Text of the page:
Had a really nice day today. Jo, Sebastian and I first went to a National Trust garden in Esher. It was one of those lovely sunny winter days with a layer of frost covering the ground which meant it was almost bitterly cold! The gardens were beautiful and dated back to 1715 and as usual old Capability Brown had an input somewhere along the line!

After the National Trust garden we went back via RHS Wisley as I had been meaning to drop in there for sometime now. They have a fantastic library there with every gardening book you could ever imagine available. I had a feeling that they may have a good selection of books about beekeeping and I was not disappointed.

One of the aims of this blog is to give the readers an honest appraisal of everything that a beginning beekeeper would do, reading books is one of them. Though obviously opinionated, I felt that telling aspirational beekeepers which were good or bad books would help them. Therefore I am going to start here!

I am already reading “Keeping Bees, a complete practical guide” by Paul Peacock which seems to be pretty good so far. It is by far the most modern book I have picked up so far with the best pictures.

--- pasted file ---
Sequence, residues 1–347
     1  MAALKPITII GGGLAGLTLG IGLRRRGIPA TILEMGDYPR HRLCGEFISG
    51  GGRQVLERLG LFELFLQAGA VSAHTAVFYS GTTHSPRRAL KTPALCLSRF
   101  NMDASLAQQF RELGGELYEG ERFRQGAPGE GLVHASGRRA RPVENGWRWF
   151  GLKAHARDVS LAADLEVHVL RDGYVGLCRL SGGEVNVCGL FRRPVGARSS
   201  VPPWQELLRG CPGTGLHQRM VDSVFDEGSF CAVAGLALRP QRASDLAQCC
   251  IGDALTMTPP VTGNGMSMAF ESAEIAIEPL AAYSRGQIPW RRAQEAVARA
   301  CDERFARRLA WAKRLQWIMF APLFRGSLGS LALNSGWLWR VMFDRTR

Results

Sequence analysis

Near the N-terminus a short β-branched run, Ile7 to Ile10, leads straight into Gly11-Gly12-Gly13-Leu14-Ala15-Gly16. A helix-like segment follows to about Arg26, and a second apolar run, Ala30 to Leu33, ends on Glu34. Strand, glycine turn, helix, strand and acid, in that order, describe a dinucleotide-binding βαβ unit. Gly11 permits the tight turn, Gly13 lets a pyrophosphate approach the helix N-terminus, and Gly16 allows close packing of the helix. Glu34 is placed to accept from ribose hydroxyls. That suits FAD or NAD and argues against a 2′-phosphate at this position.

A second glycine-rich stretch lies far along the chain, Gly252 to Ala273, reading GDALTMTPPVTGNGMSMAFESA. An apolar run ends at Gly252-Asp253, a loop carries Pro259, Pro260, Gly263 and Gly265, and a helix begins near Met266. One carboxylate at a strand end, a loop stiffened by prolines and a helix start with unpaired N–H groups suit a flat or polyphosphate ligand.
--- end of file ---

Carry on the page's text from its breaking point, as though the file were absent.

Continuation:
I picked up “A World Without Bees” by Alison Benjamin and Brian McCallum which I am looking forward to read as it has such facts as “if the bee disappeared off the surface of the globe then man would only have four years of life left” which was quoted from Albert Einstein. I had often heard this as a probably quote but this book seems to be full of this sort of information.

I am also going to go through “Beekeeping, self-sufficiency” by Joanna Ryde which also looks pretty new and quite “fashionable”. We shall see how well it reads!

The last one I am going to read through was recommended to me by a lovely lady I met while I was in the library. It turned out to be Diane Steele one of our Regional Bee inspectors. What a great person to bump into by chance! Anyway she recommended “Bees at the bottom of the garden” by Alan Campion. On first glance it does look very good and though “Keeping Bees” looks pretty, this makes up for in functionality.

Anyway I will let you know how I get on with them all but something that I noted immediately, all the books seem so functional or practical. There were no books talking about experience – really interesting as I would have liked to read about someones experience!